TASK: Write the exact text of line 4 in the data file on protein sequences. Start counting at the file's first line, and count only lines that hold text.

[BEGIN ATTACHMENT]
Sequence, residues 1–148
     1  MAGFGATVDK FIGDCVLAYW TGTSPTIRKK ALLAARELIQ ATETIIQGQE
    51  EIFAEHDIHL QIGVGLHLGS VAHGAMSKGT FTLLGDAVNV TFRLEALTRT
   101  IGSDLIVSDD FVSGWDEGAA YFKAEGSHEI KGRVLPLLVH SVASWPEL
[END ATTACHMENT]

   101  IGSDLIVSDD FVSGWDEGAA YFKAEGSHEI KGRVLPLLVH SVASWPEL